Maryland legislature considers policies to increase transparency and accountability in transportation

In Maryland we suffer some of the worst traffic congestion in the country. By investing in a modern transportation system we could reduce congestion, improve air quality and serve communities in need.

In Maryland we suffer some of the worst traffic congestion in the country. By investing in a modern transportation system we could reduce congestion, improve air quality and serve communities in need.

In less than 3 weeks the Maryland legislature will decided on a set or policies that could put Maryland’s transportation systems on the right track.

Maryland PIRG is supporting trasportation policies that:

  • Create an open, transparent process for choosing the transportation projects to be funded with taxpayer dollars. (HB1013/SB0908).
  • Repeal the farebox recovery requirement for the Maryland Transit Administration (MTA), which is a strong disincentive for investing in transit. The requirement that transit tickets sales cover at least 35% of operating costs is unusual and doesn’t take into account the full costs and benefits of public transportation.  (HB0891/SB1035).
  • Create an oversight board for the MTA to increase effectiveness, efficiency, and accountability to the people and local governments MTA serves. (HB1010).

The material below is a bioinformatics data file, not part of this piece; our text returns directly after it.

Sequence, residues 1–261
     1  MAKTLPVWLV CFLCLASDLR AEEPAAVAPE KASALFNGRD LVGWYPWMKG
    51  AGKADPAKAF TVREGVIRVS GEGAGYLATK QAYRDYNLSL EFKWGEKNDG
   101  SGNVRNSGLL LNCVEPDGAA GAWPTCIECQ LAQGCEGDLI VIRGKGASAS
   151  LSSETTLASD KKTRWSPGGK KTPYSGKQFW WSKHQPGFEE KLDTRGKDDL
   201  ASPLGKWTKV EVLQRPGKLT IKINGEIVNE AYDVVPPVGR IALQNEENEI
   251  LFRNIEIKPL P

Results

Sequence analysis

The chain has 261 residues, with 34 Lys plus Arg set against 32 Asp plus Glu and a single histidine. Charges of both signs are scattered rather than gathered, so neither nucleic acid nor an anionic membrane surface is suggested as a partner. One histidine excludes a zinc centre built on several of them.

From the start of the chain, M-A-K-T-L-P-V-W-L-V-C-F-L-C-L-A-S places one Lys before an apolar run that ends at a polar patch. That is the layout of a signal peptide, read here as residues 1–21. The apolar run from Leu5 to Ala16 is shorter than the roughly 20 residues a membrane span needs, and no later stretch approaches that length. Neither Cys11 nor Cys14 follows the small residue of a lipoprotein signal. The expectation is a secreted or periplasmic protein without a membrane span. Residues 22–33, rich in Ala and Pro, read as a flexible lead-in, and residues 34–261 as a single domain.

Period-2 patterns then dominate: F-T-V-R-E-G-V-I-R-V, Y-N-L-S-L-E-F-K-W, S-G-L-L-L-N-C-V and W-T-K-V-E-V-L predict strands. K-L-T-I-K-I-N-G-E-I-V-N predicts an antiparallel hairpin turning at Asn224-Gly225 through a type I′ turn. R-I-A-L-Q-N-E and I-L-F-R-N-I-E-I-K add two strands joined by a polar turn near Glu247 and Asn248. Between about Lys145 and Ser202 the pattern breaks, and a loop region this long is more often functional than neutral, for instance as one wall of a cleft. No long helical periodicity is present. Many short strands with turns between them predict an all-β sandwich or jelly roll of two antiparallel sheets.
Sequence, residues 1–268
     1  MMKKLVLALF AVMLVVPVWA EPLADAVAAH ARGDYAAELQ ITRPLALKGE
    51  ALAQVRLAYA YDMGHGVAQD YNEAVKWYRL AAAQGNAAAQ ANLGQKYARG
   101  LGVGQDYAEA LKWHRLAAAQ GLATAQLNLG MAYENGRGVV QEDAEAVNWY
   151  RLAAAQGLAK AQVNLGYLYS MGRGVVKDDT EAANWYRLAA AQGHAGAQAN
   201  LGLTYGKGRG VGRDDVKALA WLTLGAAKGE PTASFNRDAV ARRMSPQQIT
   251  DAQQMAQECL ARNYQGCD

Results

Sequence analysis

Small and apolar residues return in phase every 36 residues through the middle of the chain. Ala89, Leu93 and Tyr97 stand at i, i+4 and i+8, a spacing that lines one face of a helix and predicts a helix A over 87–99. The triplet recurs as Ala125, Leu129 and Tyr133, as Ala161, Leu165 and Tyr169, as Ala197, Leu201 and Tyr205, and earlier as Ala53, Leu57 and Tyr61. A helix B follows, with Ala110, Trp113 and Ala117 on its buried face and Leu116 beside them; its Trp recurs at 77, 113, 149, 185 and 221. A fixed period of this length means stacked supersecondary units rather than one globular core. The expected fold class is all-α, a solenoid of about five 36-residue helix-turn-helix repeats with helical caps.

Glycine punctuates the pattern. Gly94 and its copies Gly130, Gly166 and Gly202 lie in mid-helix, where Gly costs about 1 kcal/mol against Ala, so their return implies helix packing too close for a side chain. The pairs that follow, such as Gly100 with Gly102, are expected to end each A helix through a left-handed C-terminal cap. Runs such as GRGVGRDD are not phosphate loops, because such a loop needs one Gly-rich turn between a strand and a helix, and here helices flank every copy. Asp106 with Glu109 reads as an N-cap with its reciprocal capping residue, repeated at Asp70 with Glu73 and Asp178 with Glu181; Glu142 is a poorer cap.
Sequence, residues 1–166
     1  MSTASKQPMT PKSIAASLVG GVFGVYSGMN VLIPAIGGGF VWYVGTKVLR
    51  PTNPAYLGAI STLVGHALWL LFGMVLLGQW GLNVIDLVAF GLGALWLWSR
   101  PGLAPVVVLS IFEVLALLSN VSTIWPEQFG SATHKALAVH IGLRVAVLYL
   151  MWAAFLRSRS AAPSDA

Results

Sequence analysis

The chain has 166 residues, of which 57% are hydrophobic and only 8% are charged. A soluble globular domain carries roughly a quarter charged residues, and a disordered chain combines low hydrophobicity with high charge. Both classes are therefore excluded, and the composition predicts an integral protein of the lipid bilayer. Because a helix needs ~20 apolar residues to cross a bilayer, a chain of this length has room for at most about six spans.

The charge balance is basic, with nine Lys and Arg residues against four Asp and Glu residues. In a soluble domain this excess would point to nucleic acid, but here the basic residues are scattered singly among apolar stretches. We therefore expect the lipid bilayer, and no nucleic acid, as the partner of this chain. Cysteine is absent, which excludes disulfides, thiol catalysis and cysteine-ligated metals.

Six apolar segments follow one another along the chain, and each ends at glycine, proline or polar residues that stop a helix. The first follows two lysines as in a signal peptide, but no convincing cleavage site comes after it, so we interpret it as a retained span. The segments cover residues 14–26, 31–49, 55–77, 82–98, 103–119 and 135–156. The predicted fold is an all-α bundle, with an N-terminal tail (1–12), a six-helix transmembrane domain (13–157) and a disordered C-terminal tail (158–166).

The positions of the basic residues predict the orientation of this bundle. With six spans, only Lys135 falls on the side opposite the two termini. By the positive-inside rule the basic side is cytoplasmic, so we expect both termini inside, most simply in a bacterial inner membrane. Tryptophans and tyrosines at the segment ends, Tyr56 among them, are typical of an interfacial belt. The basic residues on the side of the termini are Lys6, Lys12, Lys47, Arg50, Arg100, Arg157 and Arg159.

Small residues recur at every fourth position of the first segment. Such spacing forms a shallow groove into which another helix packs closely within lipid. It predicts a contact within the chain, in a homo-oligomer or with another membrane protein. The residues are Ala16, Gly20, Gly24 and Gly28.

With more open, transparent, and accountable decision making and oversight we can build a transportation system that reflects and supports the way Marylanders want to travel.

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Authors

Emily Scarr

State Director, Maryland PIRG; Director, Stop Toxic PFAS Campaign, PIRG

Emily directs strategy, organizational development, research, communications and legislative advocacy for Maryland PIRG. Emily has helped win small donor public financing in Baltimore City, Baltimore County, Howard County, Montgomery County, and Prince George's County. She has played a key role in establishing new state laws to to protect public health by restricting the use of antibiotics on Maryland farms, require testing for lead in school drinking water and restrict the use of toxic flame retardant and PFAS chemicals. Emily also serves on the Executive Committees of the Maryland Fair Elections Coalition and the Maryland Campaign to Keep Antibiotics Working. Emily lives in Baltimore City with her husband, kids, and dog.